New astronomy roadmap calls for huge, broad-spectrum space telescope


Image of a space-based telescope covered with solar panels.
Enlarge / The Nancy Grace Roman Space Telescope, which is scheduled for launch later this decade and will observe planets and galaxies.

On Thursday, the National Academies of Science released the latest Decadal Survey, which the astronomy industry uses to help guide funding decisions. While the survey doesn’t guarantee funding, it’s highly influential with NASA and the National Science Foundation (NSF), which fund most of the astronomy research in the US.

The latest iteration lays out a few scientific priorities, including the study of the formation and evolution of galaxies and exosolar systems. And it also suggests which hardware would be required to get the data we need for those studies. In this case, that involves the next of NASA’s Great Observatories: a Webb-scale space telescope that is sensitive to wavelengths from UV to infrared.

At the same time, the survey warns that funding for existing activities has become a bit unbalanced and needs to be reprioritized.

What should we be looking at?

There are three areas the Survey says should be major foci for astronomy over the coming ten years. One is the formation and evolution of galaxies. This area will likely benefit from the Webb Space Telescope, which was designed specifically to gather data at wavelengths that will allow it to image some of the Universe’s first galaxies. The Roman Space Telescope, set to launch later in the decade, will also provide a valuable survey of galaxies.

Modeling based on the apparent dark matter content of our Universe suggests that these first galaxies formed along a mesh of filaments made by dark matter and then grew through mergers and collisions to become the mature galaxies we see today. During that process, continued large-scale interactions helped produce structures like galaxy clusters. A variety of evidence backs up different aspects of these models; we’ve clearly observed galaxy collisions and their aftermath, and we may have imaged some dark matter filaments, for example. But there are some key gaps in the early stages of this process, and there are many details to fill in.

The second area of focus differs from those goals, largely in scale. Again, we have a lot of modeling indicating how exosolar systems can form and evolve over time, but we have only sparse data on what these systems and the planets they contain look like at present, in part because the Kepler observatory had equipment failures that kept it from spotting any planets that aren’t orbiting relatively close to their host star. There is a lot of astronomy to be done here, too, and again, the Webb and Roman Space Telescopes are sensitive to wavelengths that can help with some of it. But we will also need observations at other wavelengths to understand important factors like fluctuations in the activity of stars other than the Sun.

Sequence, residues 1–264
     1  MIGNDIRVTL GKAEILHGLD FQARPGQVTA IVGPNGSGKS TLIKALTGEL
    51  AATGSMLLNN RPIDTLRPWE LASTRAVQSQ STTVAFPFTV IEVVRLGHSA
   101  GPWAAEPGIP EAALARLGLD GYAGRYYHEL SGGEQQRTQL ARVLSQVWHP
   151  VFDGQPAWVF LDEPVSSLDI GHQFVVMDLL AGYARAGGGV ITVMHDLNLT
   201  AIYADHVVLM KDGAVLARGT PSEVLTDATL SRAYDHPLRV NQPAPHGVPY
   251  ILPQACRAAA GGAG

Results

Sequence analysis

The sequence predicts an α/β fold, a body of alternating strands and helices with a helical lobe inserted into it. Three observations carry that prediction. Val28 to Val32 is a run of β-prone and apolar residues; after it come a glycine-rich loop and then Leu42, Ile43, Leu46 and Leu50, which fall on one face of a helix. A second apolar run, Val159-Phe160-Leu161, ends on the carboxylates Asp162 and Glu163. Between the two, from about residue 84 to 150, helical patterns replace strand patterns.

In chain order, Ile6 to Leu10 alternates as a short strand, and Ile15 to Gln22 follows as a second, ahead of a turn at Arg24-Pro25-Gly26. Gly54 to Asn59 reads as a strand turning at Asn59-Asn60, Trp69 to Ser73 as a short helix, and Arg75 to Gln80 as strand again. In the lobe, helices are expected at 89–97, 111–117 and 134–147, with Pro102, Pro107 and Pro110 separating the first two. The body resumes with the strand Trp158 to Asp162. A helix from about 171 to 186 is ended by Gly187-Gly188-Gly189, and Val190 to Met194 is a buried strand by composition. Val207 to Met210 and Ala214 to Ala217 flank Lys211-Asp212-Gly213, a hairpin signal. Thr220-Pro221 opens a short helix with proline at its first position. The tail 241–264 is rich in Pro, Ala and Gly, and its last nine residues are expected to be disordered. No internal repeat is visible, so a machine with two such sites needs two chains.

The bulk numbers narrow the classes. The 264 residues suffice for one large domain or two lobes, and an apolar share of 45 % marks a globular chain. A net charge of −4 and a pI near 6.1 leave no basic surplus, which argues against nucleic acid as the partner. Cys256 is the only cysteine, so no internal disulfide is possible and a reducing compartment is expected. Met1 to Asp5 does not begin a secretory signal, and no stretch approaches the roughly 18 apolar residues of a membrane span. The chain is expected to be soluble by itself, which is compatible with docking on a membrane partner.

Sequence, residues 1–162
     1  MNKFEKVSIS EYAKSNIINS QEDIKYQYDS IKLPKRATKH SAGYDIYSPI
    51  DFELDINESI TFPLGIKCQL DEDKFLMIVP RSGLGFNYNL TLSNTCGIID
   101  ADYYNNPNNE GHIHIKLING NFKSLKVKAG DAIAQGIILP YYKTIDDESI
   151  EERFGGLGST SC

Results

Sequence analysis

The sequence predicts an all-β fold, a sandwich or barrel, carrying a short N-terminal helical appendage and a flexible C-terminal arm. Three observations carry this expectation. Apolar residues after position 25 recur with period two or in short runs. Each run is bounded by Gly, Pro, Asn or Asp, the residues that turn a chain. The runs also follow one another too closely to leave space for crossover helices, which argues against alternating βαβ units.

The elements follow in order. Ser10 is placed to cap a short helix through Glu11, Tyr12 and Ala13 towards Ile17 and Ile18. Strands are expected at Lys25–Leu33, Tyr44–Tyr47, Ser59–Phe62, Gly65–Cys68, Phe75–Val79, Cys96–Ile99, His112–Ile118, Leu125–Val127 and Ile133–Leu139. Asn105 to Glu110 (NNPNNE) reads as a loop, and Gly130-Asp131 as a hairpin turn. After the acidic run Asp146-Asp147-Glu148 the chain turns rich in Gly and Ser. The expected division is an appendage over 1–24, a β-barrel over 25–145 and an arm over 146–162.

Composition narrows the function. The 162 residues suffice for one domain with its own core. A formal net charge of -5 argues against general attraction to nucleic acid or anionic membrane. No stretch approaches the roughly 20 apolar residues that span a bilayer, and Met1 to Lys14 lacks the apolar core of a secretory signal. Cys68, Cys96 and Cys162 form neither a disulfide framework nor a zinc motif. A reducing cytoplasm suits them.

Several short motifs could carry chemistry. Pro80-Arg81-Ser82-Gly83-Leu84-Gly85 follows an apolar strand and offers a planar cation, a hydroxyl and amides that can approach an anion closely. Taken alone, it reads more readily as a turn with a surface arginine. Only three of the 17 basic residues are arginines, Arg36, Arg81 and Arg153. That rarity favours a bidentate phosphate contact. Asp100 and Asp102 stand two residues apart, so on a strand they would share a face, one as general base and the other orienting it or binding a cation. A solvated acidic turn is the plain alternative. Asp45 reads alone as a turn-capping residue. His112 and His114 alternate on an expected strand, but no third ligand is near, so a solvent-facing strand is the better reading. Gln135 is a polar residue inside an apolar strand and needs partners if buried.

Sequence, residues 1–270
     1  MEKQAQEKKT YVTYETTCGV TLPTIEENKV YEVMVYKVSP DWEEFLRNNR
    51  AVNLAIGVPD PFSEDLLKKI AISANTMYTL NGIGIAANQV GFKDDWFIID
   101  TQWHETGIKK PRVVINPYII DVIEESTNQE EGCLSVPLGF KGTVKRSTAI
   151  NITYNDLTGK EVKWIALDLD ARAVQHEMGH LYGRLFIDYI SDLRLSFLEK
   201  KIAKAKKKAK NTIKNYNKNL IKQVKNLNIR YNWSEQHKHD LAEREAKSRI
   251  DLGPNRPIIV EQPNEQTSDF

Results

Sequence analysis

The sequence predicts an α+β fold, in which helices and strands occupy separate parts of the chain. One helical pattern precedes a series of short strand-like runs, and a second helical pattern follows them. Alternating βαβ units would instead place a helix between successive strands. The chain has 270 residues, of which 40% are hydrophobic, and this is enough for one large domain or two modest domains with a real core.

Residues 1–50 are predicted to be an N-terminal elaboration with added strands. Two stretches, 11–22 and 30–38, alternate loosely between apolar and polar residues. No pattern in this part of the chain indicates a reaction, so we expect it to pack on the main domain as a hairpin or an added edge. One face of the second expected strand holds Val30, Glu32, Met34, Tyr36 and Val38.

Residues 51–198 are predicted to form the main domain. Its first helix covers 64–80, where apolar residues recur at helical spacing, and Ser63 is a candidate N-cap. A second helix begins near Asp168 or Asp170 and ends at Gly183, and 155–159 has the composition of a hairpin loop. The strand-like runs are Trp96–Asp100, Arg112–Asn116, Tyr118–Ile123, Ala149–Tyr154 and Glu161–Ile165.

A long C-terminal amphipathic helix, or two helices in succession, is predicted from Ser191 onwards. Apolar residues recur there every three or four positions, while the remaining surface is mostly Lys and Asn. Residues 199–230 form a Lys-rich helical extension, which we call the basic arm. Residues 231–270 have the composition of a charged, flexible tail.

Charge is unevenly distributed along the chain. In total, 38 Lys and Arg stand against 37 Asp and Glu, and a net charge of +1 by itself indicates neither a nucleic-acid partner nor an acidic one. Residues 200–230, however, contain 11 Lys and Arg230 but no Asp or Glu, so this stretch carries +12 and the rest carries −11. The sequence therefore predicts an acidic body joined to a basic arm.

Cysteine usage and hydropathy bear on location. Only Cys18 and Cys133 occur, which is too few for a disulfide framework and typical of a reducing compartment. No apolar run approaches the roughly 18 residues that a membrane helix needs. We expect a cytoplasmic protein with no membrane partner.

Perhaps the biggest contribution these telescope will make will be in their study of the atmospheres of exoplanets, providing some indications of their composition, which has the potential to give some indication of whether the planet would be hospitable for life—or whether it shows evidence of presently hosting it. Obviously, that last item will be a key focus of observations.

The final item on the list is what is termed “multi-messenger astronomy.” Thanks to the IceCube neutrino observatory and a growing number of gravitational wave detectors, we can now simultaneously observe events using wavelengths of light, changes to the fabric of space, and subatomic particles produced by the event. This technology has the potential to provide a far more complete picture of some of the most energetic events in the Universe, from the deaths of massive stars to the mergers of black holes. This sort of work is just getting started, and there’s potential to expand the list of hardware that alerts astronomers about an event or to rapidly respond to these alerts in order to provide observations.

What to build?

The big item on the to-do list is making a large space-based telescope that is sensitive to a very broad range of wavelengths, allowing (among other things) a better characterization of exoplanet atmospheres. “Large” in this case means roughly the size of the Webb Space Telescope, meaning substantially larger than Hubble. The new telescope would be sensitive to a range of wavelengths that largely overlaps the combined range of the Webb and Hubble. It represents a massive project that wouldn’t actually be put in space until the 2040s—well after the period covered by this decadal survey.

What the survey suggests instead is that this decade will see a new process for developing large projects like this, called the Great Observatories Mission and Technology Maturation Program. The main goal of this program would be to manage technological risk early in the planning stages before the project gets so far along that any problems cause unresolvable complexities. In this case, the Survey recommends that some of the technological problems be handled by intermediate hardware that is useful for observations and for testing new hardware. This project would involve two space-based telescopes, one infrared and one x-ray, launching by the end of the decade.

The authors of the Survey also recommend that NASA implement a category of missions somewhere between its medium-price Explorer missions and large projects like the Great Observatories. Termed “Probe” class missions, this class would nicely cover what we expect to need to put these two intermediate observatories into space, and it could provide a model for future Great Observatories development.



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